If in urban India we’re quite used to looking away from our own inequalities, oppression in the US is practically a sight unseen by the rest of the world. The new South Asian edition of Days of Destruction, Days of Revolt, a 2012 collaboration between Sacco and Pulitzer-winning journalist Chris Hedges, could change that. Published by Delhi’s Navayana, which engages with caste and other forms of inequality, the book reports on the American communities hard-hit by globalisation, the so-called “sacrifice zones” of unchecked capitalism. The book is split into five chapters, four of which consist mostly of Hedges’ written reportage from America’s deepest circles of hell: the Native American reservation of Pine Ridge, South Dakota; the violent city of Camden, New Jersey; Welch, in an area of West Virginia devastated by coal mining; and Immokalee, Florida, an agricultural region reliant on undocumented immigrant labour. Sacco’s illustrations are interspersed: sound-bite portraits and a few short story-length histories of representative individuals.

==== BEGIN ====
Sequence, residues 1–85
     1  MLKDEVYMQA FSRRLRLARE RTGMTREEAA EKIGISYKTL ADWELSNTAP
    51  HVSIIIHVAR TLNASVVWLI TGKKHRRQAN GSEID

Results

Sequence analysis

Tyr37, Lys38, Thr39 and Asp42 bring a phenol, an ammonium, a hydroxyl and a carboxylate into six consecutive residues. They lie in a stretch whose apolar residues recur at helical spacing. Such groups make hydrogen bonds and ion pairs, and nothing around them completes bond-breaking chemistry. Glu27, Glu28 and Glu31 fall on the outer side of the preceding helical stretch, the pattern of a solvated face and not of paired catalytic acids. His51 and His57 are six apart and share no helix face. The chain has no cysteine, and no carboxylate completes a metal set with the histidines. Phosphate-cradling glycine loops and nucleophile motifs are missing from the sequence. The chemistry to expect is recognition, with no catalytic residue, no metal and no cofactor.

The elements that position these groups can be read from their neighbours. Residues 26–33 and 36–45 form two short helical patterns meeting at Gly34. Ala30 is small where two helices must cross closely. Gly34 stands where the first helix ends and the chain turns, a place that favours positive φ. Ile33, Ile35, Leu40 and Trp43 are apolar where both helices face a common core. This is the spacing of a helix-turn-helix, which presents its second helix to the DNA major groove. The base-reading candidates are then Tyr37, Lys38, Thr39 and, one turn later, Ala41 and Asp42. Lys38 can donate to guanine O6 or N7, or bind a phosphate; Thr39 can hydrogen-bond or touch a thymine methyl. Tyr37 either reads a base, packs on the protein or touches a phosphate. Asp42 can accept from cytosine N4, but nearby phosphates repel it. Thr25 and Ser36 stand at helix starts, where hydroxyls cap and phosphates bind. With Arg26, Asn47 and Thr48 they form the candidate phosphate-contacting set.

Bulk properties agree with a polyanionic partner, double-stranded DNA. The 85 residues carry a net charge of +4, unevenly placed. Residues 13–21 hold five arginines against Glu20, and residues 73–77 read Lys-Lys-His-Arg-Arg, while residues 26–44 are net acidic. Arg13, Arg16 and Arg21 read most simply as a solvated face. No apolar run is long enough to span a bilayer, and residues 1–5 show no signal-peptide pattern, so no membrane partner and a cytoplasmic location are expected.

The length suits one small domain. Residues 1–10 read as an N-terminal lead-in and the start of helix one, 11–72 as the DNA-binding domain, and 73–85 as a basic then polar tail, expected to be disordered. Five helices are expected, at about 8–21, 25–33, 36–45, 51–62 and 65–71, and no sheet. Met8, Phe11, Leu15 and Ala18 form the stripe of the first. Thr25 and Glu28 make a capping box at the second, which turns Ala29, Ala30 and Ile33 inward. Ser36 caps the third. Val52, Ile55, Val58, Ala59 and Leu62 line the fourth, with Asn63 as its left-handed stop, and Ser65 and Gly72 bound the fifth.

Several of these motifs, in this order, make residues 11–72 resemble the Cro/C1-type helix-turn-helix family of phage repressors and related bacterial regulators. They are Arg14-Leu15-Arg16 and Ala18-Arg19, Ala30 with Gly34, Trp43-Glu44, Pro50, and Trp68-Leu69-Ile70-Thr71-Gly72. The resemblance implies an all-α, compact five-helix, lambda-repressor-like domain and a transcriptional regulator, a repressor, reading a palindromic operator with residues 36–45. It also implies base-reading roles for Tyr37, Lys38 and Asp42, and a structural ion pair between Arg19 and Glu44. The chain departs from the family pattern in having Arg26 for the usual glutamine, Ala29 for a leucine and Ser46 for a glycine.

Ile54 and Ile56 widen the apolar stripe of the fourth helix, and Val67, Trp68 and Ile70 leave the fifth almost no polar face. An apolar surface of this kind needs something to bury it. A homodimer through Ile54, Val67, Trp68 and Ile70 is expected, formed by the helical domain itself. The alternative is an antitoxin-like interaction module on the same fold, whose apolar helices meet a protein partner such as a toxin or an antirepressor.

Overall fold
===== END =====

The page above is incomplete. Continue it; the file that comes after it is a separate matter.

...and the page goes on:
The stories are relentlessly horrific. There’s senseless murder, forced prostitution, alcoholism, pill addiction, obesity, homelessness, genocide fuelled by suicide, and more grit than some readers might be able to stomach. “Take a look at the American dream,” says the manager of a tent town in Camden. “In today’s society, no one is exempt… Everybody is one paycheck away from being here.”


Both Sacco and Hedges let such characters do a lot of the talking, but Hedges is also an opinionated presence in these pages and he makes no apologies for it. At times he gets almost biblical, which might invigorate or irritate, depending on the reader. “To stand on the sidelines and say ‘I am innocent’ is to bear the mark of Cain,” Hedges proclaims.